You only need to know one number about the Obama administration’s much-ballyhooed restrictions on greenhouse gas emissions: 1.8 percent.
That’s how much the restrictions will reduce global CO2 emissions: 1.8 percent.
That’s not nothing, but it’s not much. And it’s that number that we need to keep in the back of our minds as we consider the massive costs the president is asking you, me, and every other American to bear if his proposed regulations are enacted.
That’s the number on the benefit side of the equation. But what about those costs?
The GHG regulation would result in a reduction in U.S. Gross Domestic Product by $51 billion on average every year through 2030, 224,000 fewer U.S. jobs on average every year through 2030, and an expected $289 billion increase in electricity costs through 2030.
All for a reduction in emissions of 1.8 percent.
The combination of increased costs and reduced investment are estimated to result in lower total disposable income for U.S. households by $586 billion by 2030.
Some have argued that the GHG rule will also have a positive impact on public health. However, forcing businesses to lay people off is not a good strategy for improving overall public health. Employers provide important assistance such as health insurance and a regular income. When business can no longer afford to continue or expand their operation because of tightening regulations, working Americans receive the brunt of the blow.
Increasing the input costs for energy intensive industries such as manufacturing are a sure way of slowing many important aspects of economic activity such as investment and job creation. Not only do these new regulations threaten the aggregate growth of the American economy, the negative impacts disproportionately affect those of middle and lower incomes, who spend more of their monthly income on energy.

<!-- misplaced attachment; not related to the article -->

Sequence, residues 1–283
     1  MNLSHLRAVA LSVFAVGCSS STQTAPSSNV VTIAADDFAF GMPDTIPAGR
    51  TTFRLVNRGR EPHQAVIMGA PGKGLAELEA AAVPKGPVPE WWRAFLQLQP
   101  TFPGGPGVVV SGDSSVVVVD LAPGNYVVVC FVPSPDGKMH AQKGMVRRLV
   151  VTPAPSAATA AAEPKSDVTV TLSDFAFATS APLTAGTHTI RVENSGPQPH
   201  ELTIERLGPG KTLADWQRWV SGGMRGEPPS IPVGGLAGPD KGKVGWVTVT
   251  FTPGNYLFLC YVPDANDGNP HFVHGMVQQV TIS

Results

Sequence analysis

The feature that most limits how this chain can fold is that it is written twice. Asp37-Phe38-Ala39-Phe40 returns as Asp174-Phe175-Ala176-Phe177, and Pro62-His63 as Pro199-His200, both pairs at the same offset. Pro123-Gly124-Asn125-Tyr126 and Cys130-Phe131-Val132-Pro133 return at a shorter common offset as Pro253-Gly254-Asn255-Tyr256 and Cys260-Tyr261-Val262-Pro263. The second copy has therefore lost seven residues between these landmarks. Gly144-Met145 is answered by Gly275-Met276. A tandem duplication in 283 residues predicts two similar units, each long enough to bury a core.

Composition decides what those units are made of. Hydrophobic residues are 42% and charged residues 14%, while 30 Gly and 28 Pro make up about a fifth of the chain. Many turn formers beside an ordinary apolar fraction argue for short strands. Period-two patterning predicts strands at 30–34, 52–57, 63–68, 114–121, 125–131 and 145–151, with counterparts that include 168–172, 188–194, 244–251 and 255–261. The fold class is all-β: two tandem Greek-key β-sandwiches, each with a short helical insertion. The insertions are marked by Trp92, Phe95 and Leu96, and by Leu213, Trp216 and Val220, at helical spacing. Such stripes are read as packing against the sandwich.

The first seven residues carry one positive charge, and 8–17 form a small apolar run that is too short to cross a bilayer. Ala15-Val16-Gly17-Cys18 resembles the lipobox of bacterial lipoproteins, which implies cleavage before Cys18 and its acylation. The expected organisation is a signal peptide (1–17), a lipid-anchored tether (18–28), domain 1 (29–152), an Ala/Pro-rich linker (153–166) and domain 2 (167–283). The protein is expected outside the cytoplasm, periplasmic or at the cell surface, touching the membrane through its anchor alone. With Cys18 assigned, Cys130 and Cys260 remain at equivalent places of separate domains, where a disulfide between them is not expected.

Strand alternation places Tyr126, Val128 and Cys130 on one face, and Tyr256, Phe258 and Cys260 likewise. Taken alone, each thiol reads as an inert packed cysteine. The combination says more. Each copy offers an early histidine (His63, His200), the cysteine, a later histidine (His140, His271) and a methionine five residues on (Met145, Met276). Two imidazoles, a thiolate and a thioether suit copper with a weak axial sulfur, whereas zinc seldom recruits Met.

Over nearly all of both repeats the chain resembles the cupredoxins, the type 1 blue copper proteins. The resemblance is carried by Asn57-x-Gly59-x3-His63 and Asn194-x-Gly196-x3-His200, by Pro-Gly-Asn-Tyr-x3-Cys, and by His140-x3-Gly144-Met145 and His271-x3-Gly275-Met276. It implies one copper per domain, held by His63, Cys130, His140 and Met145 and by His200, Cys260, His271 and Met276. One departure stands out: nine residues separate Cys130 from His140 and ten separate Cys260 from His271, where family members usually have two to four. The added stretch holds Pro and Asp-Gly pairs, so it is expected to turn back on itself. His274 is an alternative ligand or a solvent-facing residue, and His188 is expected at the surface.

Some may consider the negative economic effects of tighter emissions standards as “acceptable” if they significantly improve public and environmental health. However when we consider the results of the most recent EPA regulations, it is very difficult for anyone to make that argument.
Global emissions rise
Global emissions are expected to rise by 31 percent between 2011 and 2030. The president’s proposed EPA regulation might make a lot of people feel good, but it’s really a drop in the ocean.
Worse, the regulations actually work against the objective of solving climate change. That’s because the regulations represent a de facto ban on developing clean coal technology in the United States. The regulatory environment has become so volatile and the administration has set the bar so incredibly high, that very few are interested in investing in building coal-fired generators. If we’re not building them here, there’s no reason to work on the technology.
The cost-benefit analysis of this decision is pretty straightforward. The American people are being asked to pay an incredible amount in terms of higher prices, lost jobs, and reduced economic opportunity. Is it worth it for what we’re getting in return?